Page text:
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8 new cafés & coffee shops in Hong Kong to visit this October

By Annette Chan 4 October 2021

Header image courtesy of @chokohood (via Instagram)

Most people say that the world is obsessed with Australian coffee culture, but Hong Kong comfortably holds its own with a roster of outstanding cafés. Small as the city may be, our neighbourhoods are brimming with boutique coffee shops, and new openings are popping up across Hong Kong every week. Join us as we follow the irresistible waft of freshly ground coffee beans to the latest and greatest café and coffee shop openings in Hong Kong.

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The first of two new trendy cafés to open not just in the same district, but the same building, Nobis is a chic coffee shop selling artisanal coffees, French pastries, and a short but sweet selection of alcoholic drinks. Decorated in a sleek grey and silver palette with a cutwork façade that’s reminiscent of traditional Hong Kong-style folding metal shutters, Nobis cuts a striking figure on the corner of Tai Nan Street and Boundary Street.

Inside, a comprehensive coffee menu awaits, with your standard espresso-based drinks as well as specialist pour-overs—the espresso tonic ($45) is perfect for balmy days, and you can’t ever go wrong with a flat white ($40). Those with a sweet tooth are well-catered to here, with the delicious Lotus Biscoff affogato ($60) and delicate French pastries from Frenchie Toquée—take your pick from light vanilla choux ($35), rich chocolate tigré ($30), buttery madeleines ($20), and more.

Nobis, Nam Fung Mansion, 10G Boundary Street, Sham Shui Po


The Floristry

Building off their reputation as one of the most stylish florists in town, The Floristry has opened a beautiful new two-storey space on Gough Street in Noho. On the ground floor, you’ll find a café and shop, where you can explore the signature flower jars as well as The Floristry’s newly launched homeware range—expect bundles of palo santo, hand-blended room sprays, and gorgeous candles and tableware.

The coffee bar serves The Floristry’s own house blend of coffee, with black coffee starting from $28, while white coffees—your standard flat white, latte, and cappuccino—are an affordable $35. Venture upstairs to find an immersive installation space called the Meadow Room, with Instagrammable photo spots as well as a counter bar overlooking the street below. Like the floral collections, everything else at The Floristry—the Meadow Room installation, coffee blend, and homeware—is seasonal, so there is always something new and beautiful to explore!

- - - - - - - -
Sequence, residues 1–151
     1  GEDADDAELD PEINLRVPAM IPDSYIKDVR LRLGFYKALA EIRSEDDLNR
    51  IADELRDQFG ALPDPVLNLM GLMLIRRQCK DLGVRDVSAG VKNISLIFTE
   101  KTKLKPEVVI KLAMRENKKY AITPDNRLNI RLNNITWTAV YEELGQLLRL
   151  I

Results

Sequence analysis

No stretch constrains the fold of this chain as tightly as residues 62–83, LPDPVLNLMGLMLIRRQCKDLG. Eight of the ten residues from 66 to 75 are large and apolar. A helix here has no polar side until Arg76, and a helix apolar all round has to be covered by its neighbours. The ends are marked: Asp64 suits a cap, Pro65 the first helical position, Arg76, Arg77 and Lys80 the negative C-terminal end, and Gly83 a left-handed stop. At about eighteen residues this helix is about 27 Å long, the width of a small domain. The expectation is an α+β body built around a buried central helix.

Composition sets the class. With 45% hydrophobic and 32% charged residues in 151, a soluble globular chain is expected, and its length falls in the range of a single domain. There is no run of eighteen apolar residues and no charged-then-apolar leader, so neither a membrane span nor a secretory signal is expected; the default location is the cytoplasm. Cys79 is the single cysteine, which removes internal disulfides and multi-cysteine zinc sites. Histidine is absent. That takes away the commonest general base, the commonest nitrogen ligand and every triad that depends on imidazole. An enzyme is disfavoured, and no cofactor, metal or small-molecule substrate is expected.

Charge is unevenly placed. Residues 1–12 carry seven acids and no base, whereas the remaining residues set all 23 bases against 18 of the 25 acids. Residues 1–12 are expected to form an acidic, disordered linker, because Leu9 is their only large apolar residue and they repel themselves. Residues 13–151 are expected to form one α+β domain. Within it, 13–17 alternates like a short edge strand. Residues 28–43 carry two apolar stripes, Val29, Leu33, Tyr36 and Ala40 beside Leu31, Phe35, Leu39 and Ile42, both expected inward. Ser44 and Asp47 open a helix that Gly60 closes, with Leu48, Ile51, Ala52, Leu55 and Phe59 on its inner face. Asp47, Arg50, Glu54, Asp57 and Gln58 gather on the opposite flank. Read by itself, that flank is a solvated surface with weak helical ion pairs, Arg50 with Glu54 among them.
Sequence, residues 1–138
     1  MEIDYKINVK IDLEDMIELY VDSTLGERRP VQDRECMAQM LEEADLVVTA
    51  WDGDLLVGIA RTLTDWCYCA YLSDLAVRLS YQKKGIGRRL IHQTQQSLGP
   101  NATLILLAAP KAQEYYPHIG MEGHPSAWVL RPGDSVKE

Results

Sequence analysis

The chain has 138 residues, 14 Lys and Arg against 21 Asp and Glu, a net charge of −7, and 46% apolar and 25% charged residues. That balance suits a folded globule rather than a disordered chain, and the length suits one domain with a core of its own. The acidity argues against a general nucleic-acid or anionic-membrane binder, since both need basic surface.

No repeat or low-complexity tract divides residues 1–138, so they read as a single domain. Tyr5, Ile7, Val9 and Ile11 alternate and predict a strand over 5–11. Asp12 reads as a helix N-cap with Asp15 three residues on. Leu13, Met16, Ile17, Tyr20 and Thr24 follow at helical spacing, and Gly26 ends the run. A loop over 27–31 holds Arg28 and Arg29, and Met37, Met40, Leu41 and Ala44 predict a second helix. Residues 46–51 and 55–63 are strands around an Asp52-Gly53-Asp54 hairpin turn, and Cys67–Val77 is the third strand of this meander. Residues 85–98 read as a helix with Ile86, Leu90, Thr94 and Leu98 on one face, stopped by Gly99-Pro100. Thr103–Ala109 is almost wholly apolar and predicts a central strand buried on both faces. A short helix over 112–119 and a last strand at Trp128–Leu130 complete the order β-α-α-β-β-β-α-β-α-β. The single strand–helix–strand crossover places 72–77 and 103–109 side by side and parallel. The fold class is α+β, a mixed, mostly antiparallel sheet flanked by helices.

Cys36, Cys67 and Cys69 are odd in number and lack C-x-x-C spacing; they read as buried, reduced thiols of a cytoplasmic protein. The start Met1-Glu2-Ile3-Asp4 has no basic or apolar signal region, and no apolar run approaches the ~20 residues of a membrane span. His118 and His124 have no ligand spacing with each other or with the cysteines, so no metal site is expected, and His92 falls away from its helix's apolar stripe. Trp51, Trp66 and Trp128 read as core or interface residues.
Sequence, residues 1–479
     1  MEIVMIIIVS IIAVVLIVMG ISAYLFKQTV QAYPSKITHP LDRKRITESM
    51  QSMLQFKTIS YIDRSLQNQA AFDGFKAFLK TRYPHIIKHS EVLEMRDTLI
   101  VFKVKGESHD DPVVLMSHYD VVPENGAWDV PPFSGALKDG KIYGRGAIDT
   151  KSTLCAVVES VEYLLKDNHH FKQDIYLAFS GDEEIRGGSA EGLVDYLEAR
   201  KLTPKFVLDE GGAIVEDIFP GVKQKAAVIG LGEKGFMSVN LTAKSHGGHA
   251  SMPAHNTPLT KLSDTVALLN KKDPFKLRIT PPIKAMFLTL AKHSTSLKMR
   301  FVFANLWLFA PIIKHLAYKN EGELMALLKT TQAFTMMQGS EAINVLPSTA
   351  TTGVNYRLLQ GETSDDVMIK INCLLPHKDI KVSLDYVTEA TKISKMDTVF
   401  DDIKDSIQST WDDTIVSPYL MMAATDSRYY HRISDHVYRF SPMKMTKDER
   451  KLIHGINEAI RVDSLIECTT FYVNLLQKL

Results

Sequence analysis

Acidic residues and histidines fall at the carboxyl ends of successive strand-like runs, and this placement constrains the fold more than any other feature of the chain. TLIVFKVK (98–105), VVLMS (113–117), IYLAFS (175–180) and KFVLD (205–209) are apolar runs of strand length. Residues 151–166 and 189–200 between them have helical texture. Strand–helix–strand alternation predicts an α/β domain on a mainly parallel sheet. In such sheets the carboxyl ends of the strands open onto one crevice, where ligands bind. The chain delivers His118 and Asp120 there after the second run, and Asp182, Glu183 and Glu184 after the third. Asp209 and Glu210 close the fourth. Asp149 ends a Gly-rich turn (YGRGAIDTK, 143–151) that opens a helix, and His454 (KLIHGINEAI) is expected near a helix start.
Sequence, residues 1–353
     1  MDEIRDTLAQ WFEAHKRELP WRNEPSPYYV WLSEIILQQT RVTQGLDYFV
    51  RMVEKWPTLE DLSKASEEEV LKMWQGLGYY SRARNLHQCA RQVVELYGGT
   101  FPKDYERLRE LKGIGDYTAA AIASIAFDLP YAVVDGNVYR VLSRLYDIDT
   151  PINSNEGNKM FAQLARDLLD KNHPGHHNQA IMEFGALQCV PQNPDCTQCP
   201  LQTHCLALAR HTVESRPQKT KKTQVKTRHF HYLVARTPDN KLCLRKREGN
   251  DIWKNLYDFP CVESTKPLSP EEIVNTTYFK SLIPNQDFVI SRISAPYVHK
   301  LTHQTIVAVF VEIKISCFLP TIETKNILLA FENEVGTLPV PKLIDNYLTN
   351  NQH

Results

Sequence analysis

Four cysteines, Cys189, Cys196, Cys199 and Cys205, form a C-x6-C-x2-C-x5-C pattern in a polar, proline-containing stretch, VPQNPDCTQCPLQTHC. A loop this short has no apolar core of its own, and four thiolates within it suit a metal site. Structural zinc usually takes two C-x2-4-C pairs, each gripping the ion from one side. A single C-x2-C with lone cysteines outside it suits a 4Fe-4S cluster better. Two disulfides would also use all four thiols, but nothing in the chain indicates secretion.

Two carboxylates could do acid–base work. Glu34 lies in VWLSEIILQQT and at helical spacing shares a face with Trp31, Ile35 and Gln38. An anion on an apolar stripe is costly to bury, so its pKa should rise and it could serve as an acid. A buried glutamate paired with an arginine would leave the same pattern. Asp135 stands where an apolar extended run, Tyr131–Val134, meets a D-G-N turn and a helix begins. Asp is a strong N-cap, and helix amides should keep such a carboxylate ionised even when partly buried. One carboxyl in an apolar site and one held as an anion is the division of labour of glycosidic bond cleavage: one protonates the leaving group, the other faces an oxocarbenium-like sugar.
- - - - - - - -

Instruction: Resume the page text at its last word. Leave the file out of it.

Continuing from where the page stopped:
The Floristry, 18 Gough Street, Central



You’ve heard of single-origin coffee—but how about single-origin chocolate? Located along a quiet stretch of Tung Lo Wan Road, this cacao-centric café announces itself with a blush-terracotta façade and signage designed to resemble a chocolate bar, while warm wood fixtures, large cocoa pods, and banana leaf plants give the interiors a cosy, tropical feel.

Drinks made with the star ingredient include the single-origin drinking chocolate (starting from $45) which range in origin and cocoa content, as well as the cacao tea (starting from $62), chocolate tea latte ($65) and cacao fruit sodas ($60). Non-chocolate items are available in both the food and drink menus, with the banana bread ($48) and madeleines ($22) proving popular. For an education in the art of chocolate, try the tasting flight ($128) which takes you “from cacao to chocolate,” or check their Instagram for details on their chocolate tasting workshops.

Chokohood, Shop E 90, 96 Tung Lo Wan Road, Tai Hang | (+852) 9190 5992

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Literally around the corner from Nobis, you’ll find another newly opened café, the pet-friendly Buff. Inspired by their love for Thailand, couple Jeff and Natalie infused the space with an airy, laidback vibe, complete with cane stools, blond woods, and tropical foliage. The Thai inspiration continues on the menu with Thai tea (starting from $54), boat noodles ($98), and more. Coffee-wise, the beans come from local roasters Coffee Obsession, which are used for both filter and espresso-based coffees. For a light bite, check out the prawn & cheese toast with prawn crackers ($108) or the various cakes and tarts on the weekend dessert menu.